Don’t underestimate the power of the message that sends your children. You are telling them — and more importantly showing them — what a healthy breakup and a healthy co-parenting partnership looks like. You are showing them how important they are to you, not simply by giving lip service to your love for them, but by making their emotional well-being a top priority. Their self-esteem, their relationship with you and their father, and their future romantic relationships will all benefit from the work you are investing now. Good job.
Unfortunately, your boyfriend is not as committed to your kids’ well-being as you are. And why should he be at this point? They are your children. He is merely their mother’s new(ish) boyfriend. But his being threatened by your ex and what he sees as you “acting like a family” with him in ways he deems “extracurricular” could be indicative of someone who is simply not cut out for dating someone with kids.
It’s a red flag that I would file away as a warning sign. He’s acting jealous and not terribly compassionate. You also make sort of a throwaway comment that your boyfriend doesn’t seem ready or interested in being involved in your children’s lives, saying you’re ok with that because you don’t want to move too quickly.
But… maybe, despite your desire to move slowly (which is totally healthy!), you’d appreciate some more interest on your boyfriend’s part, even if it’s interest expressed as a desire to eventually know them better and be move involved in their lives. After all, if things progress with the two of you, his relationship with your children will have to progress too. Do you have any sense that that is something he would want? Is it something you want?
It seems like taking a temperature of your relationship, and discussing what your long-term desires and expectations are, would go a long way in smoothing some of the feelings you’re both having. His jealousy over your friendly relationship with your ex could be tempered knowing that, if things continue progressing with you, you envision him as part of that family, too (if you indeed do).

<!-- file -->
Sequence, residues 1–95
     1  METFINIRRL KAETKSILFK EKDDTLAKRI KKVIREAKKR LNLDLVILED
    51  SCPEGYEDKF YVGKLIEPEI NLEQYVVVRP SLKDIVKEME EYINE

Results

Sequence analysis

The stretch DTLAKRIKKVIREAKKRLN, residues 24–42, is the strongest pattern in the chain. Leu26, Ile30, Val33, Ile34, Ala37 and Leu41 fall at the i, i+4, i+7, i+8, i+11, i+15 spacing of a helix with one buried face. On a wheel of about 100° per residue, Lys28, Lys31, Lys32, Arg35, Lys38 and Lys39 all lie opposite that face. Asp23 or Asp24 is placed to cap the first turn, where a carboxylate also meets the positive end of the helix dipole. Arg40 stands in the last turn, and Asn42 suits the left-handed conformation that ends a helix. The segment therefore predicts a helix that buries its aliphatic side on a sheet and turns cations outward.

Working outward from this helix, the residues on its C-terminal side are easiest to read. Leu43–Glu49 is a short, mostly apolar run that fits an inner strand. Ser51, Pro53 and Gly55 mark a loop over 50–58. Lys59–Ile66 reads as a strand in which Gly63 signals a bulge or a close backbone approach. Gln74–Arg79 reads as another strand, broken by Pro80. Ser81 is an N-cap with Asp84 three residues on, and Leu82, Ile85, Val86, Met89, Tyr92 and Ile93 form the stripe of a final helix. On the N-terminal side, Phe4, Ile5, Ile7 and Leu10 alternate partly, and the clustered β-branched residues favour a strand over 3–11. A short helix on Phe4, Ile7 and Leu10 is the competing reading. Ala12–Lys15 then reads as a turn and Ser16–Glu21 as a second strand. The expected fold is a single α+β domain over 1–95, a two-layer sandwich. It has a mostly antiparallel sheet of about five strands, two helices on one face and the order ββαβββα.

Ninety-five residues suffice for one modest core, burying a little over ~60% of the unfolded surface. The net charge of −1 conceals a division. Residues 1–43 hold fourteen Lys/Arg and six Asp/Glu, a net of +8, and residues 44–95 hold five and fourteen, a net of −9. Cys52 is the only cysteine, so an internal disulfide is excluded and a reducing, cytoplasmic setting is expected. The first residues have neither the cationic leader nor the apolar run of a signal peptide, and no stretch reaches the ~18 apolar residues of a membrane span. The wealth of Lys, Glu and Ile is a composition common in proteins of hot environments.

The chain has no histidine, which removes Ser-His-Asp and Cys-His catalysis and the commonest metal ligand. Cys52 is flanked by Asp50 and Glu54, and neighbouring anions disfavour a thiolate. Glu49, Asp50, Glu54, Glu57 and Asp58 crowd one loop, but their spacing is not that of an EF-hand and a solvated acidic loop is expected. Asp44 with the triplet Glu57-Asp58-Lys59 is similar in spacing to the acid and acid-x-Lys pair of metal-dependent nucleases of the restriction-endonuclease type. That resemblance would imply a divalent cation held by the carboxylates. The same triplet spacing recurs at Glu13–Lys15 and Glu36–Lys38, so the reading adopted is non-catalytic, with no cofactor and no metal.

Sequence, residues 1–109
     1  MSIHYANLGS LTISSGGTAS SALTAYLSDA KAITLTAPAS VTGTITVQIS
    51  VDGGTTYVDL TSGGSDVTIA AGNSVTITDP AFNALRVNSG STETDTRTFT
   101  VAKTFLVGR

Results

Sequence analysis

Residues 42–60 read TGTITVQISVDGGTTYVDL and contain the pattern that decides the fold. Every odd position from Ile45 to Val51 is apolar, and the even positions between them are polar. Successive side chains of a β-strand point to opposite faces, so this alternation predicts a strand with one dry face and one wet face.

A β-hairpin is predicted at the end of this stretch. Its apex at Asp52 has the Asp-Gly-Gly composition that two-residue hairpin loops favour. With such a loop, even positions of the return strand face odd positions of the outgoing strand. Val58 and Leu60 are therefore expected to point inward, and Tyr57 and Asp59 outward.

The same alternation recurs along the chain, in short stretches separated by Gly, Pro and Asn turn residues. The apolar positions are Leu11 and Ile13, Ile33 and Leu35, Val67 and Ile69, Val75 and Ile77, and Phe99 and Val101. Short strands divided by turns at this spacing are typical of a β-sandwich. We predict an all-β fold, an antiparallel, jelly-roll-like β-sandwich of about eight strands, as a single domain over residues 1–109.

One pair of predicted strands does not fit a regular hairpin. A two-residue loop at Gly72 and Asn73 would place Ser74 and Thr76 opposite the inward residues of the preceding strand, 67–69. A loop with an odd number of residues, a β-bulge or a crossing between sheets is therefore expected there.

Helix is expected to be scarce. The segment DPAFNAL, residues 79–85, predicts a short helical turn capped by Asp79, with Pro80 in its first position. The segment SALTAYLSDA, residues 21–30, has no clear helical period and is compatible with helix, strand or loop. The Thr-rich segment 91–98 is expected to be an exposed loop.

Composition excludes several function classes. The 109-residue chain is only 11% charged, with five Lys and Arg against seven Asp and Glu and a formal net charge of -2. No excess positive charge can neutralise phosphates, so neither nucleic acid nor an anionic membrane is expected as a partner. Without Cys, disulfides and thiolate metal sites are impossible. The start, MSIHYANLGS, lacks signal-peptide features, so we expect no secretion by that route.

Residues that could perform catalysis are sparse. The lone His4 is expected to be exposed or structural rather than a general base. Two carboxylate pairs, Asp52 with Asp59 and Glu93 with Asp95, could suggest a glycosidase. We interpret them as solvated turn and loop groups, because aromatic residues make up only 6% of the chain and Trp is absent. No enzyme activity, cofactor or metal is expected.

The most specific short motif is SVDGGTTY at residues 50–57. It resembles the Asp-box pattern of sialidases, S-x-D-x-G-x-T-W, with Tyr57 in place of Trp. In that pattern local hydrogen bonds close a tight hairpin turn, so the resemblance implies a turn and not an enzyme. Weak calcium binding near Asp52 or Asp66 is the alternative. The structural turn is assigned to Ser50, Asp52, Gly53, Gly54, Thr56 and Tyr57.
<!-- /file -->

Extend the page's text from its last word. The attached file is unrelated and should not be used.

He needs to understand — and you need to explain to him very clearly — that your ex IS part of your extended family and always will be because you share children together. Maintaining a friendly relationship with your ex positively affects your children’s well-being. If your boyfriend can’t appreciate this, then you should know that now, before you become more invested in your relationship.
Even if your boyfriend isn’t ready to be to involved in your kids’ lives, he should be able to support your dedication to them and, by extension, your commitment to modeling healthy co-parenting for them. It’s your job to explain all of this to him, to help him understand how far you’ve come with your ex and how important it is for you to maintain a civil relationship with him.
If, in 2-3 months down the road, you still feel that your boyfriend isn’t being understanding enough, you might want to consider moving on. You can find a guy who is great in most ways, but simply isn’t a match for your current lifestyle.